Washington Oregon Chipotle closes amid E. Coli cases

Chipotle Closes In Washington, Oregon Over E. Coli Cases

All Chipotle Meixcan Grill locations have been closed in Washington and Oregon after an E. coli outbreak was linked to the Mexican-themed restaurant chain.

According to CNN, a total of 43 Chipotle restaurants have been temporarily closed. Reportedly, 19 cases of E. coli in Washington and three cases in Oregon have been linked to the restaurant, with seven of the Washington patients and one of the Oregon patients having to be hospitalized. So far, no deaths have been reported with the outbreak.

Six locations are being investigated, but the exact location of the contamination has yet to be found. Cases have been reported in Clackamas and Washington counties in Oregon, and Clark, King, Skagit and Cowlitz counties in Washington.

“While the outbreak appears to be linked to food served at Chipotle restaurants, the food or other source of contamination hasn’t yet been determined and remains under investigation,” the Washington Department of Health said in a statement.

Because they do not know where the outbreak originated, “out of an abundance of caution,” the Denver-based company decided to close all of their restaurants in Washington and Oregon for the time being. The restaurant chain issued a statement explaining their decision.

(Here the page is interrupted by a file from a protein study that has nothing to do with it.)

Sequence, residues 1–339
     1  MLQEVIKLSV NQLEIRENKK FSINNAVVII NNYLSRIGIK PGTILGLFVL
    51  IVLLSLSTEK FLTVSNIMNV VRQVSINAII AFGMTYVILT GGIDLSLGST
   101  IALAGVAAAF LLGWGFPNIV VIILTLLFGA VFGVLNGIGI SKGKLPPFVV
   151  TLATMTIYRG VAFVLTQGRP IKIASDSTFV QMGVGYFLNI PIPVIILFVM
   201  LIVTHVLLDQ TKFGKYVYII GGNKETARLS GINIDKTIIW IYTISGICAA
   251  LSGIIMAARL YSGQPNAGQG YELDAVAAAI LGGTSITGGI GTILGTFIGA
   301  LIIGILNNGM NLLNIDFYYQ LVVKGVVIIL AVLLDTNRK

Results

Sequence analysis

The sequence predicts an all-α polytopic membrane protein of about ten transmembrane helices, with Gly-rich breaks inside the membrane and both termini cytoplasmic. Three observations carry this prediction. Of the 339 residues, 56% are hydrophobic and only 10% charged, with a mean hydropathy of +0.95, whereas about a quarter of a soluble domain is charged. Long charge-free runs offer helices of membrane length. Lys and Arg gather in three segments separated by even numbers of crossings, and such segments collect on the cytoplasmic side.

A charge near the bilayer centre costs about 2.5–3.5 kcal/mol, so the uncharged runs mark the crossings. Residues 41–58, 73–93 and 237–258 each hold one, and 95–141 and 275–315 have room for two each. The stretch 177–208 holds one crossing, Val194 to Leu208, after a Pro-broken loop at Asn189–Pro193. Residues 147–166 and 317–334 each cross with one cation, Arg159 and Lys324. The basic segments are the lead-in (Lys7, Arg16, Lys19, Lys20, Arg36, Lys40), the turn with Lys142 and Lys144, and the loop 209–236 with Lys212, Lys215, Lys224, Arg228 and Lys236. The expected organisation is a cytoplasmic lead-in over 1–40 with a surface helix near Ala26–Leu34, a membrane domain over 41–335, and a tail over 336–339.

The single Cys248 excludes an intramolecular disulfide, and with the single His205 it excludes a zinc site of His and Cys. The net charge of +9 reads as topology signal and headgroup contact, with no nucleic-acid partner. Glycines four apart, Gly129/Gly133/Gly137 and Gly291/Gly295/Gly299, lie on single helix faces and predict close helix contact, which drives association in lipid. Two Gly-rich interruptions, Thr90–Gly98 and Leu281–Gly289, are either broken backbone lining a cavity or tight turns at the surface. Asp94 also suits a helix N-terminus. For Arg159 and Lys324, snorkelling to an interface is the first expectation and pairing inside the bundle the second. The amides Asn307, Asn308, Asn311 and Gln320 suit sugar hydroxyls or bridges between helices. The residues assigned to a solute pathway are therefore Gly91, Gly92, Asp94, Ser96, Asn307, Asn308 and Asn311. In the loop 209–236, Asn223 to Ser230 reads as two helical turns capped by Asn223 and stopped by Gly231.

“The safety and wellbeing of our customers is always our highest priority. After being notified by health department officials in the Seattle and Portland areas that they were investigating approximately 20 cases of E. coli, including people who ate at six of our restaurants in those areas, we immediately closed all of our restaurants in the area out of an abundance of caution, even though the vast majority of these restaurants have no reported problems. We are working with health department officials to determine the cause of this issue. We offer our deepest sympathies to those who have been affected by this situation.”

Jonathan Modie, a spokesman with the Oregon Health Authority, said many of those who have fallen ill may not seek medical treatment, so the number of those affected is likely hire than what is being reported, according to the San Francisco Gate. Modie is urging anyone who ate at Chipotle between Oct. 14 and 23, and who has started experiencing symptoms, to make an appointment with their doctors.

E. coli is the name of a bacteria that lives in the intestines of humans and animals. While some forms of E. coli can be very mild, others can cause bloody diarrhea, kidney failure, urinary tract infections, and even death, according to Web MD. E. coli is transmitted when someone comes into contact with human or animal feces. Often times, this happens when someone eats or drinks something that is contaminated by feces.

The most common way people contract E. coli in the United States is by eating under-cooked meat. If raw meat is not cooked to 160°F (71°C), the bacteria can live in the meat and can infect those who eat it. Raw milk and dairy products can also become contaminated with E. coli, along with raw fruits and vegetables. Health officials say the best defense against E. coli is to thoroughly wash your hands with soap and water to kill the bacteria.

Chipotle currently operates more than 1,700 restaurants in the United States and elsewhere. The Washington and Oregon restaurants will remain closed until the health authorities determine where the outbreak originated.

[Photo by Susan Montgomery / Shutterstock.com]

Comments